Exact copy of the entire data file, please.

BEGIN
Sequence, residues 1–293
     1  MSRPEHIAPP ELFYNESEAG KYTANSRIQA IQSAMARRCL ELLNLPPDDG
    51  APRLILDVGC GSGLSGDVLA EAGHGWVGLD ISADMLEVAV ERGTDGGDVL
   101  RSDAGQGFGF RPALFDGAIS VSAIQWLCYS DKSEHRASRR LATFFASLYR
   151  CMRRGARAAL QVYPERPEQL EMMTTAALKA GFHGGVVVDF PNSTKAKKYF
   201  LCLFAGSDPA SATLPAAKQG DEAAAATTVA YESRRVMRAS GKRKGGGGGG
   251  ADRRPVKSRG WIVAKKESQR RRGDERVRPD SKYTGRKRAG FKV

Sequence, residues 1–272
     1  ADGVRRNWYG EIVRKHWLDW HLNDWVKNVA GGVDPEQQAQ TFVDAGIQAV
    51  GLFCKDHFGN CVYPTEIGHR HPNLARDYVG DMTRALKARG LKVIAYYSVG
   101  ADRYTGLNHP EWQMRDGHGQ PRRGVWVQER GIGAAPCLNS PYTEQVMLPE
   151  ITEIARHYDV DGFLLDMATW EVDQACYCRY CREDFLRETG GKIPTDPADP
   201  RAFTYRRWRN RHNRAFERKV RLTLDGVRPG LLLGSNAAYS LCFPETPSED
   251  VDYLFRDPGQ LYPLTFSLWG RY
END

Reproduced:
Sequence, residues 1–293
     1  MSRPEHIAPP ELFYNESEAG KYTANSRIQA IQSAMARRCL ELLNLPPDDG
    51  APRLILDVGC GSGLSGDVLA EAGHGWVGLD ISADMLEVAV ERGTDGGDVL
   101  RSDAGQGFGF RPALFDGAIS VSAIQWLCYS DKSEHRASRR LATFFASLYR
   151  CMRRGARAAL QVYPERPEQL EMMTTAALKA GFHGGVVVDF PNSTKAKKYF
   201  LCLFAGSDPA SATLPAAKQG DEAAAATTVA YESRRVMRAS GKRKGGGGGG
   251  ADRRPVKSRG WIVAKKESQR RRGDERVRPD SKYTGRKRAG FKV

Sequence, residues 1–272
     1  ADGVRRNWYG EIVRKHWLDW HLNDWVKNVA GGVDPEQQAQ TFVDAGIQAV
    51  GLFCKDHFGN CVYPTEIGHR HPNLARDYVG DMTRALKARG LKVIAYYSVG
   101  ADRYTGLNHP EWQMRDGHGQ PRRGVWVQER GIGAAPCLNS PYTEQVMLPE
   151  ITEIARHYDV DGFLLDMATW EVDQACYCRY CREDFLRETG GKIPTDPADP
   201  RAFTYRRWRN RHNRAFERKV RLTLDGVRPG LLLGSNAAYS LCFPETPSED
   251  VDYLFRDPGQ LYPLTFSLWG RY